- Click here to read the cover feature: why your brand should tap into the Brazilian market
- Johnnie Walker is one of Diageo’s best known brands in Brazil – click here to read a case study
- Thomas Fabre is EMEA marketing director of Havaianas, click here to read what he has to say about UK brads in Brazil
- Managing director of the Mobile Marketing Association Latin America, Marcio Chaer, explains why mobile is key when marketing new brands in Brazil.
Brazil is a protectionist country. Many brands get round this by manufacturing in Brazil or partnering with local companies, but this takes time, research and investment, especially as manufacturing laws are complicated and the minimum wage is high.
Launching in Brazil often requires a long-term commitment, as business is very much based on relationships.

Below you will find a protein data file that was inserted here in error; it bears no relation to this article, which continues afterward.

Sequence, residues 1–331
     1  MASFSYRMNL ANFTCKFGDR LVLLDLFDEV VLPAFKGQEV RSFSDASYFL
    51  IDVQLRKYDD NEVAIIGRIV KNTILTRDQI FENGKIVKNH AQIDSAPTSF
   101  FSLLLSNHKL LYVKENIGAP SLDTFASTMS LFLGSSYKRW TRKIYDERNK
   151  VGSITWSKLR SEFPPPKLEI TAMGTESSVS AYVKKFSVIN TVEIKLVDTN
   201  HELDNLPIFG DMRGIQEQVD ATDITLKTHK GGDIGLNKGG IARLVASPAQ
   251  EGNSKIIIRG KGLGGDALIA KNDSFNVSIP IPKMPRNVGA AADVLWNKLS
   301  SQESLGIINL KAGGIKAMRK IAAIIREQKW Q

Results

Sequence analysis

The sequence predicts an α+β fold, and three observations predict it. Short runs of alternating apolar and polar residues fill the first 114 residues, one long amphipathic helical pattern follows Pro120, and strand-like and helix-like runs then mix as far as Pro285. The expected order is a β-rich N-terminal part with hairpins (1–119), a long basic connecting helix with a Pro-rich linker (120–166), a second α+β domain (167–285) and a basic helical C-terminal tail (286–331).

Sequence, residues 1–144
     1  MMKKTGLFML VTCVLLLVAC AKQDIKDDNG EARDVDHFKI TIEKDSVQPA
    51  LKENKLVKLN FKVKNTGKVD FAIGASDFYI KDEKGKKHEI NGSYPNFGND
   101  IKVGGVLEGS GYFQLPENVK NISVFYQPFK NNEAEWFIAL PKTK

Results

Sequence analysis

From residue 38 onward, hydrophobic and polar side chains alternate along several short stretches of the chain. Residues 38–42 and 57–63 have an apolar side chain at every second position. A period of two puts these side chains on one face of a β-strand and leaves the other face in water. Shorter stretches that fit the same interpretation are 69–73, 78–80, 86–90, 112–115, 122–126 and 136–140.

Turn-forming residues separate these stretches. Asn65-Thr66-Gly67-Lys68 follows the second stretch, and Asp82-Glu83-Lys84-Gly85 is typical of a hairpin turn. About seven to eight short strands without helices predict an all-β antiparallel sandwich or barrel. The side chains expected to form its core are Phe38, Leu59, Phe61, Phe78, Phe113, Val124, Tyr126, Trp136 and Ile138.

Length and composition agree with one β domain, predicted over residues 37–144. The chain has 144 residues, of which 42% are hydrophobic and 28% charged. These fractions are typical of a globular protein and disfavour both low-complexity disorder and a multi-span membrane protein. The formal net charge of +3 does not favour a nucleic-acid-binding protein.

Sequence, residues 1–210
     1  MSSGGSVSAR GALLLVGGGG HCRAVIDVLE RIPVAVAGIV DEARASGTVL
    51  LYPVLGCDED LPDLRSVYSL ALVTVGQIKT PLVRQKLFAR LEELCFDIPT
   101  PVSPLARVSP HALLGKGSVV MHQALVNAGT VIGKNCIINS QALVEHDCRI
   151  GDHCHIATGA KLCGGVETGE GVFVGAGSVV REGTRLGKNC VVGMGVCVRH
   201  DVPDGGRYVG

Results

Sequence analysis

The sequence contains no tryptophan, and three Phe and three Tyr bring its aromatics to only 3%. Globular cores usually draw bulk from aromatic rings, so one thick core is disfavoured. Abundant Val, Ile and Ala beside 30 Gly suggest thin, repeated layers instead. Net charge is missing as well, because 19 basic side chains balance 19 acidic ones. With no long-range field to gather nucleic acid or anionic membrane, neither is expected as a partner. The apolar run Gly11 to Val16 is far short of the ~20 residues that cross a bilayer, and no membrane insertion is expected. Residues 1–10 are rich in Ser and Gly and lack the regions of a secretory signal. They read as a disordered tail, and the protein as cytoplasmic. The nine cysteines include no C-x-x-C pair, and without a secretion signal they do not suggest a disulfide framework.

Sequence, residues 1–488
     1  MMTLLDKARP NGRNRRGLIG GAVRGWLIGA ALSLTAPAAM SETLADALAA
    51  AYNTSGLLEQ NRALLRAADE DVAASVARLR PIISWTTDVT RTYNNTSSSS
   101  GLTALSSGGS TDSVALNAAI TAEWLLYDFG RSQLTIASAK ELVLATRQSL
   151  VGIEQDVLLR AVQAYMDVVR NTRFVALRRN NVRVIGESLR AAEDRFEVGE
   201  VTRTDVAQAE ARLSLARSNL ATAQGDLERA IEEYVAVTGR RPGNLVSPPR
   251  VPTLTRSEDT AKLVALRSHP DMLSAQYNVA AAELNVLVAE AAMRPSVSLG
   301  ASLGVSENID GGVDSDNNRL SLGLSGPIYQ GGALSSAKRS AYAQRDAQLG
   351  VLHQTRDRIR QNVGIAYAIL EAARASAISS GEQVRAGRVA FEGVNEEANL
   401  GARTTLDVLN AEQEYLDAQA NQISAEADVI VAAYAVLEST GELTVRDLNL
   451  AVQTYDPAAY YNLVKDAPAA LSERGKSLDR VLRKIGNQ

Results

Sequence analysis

Difficulties for small brands
Economic issues and a preference for well-known brands may make it difficult for small businesses wanting to set up in Brazil. Brewdog co-founder James Watt, who is in the process of taking the craft ale business to Brazil, explains: “Import taxes will always be a challenge. We have grown 280% since starting in 2007, and retailing outside of the UK still works out very lucrative for us. Brazil is a very obvious contender minus the taxes and manufacturing laws.”
Brazil is a Portuguese-speaking country and marketers shouldn’t think that English will see them through in all their business meetings. UK Trade & Investment director for Brazil John Doddrell warns: “You will almost certainly come up against business colleagues, often very highly educated contacts, that don’t speak English.”
Conservative media market
All media buying in Brazil is done by creative agencies. The country’s largest media owner is Globo, which controls around 75% of ad spend in Brazil, according to an Ebiquity report. Outdoor advertising has also been illegal in São Paulo since 2007, which is another reason that many marketers opt for digital campaigns.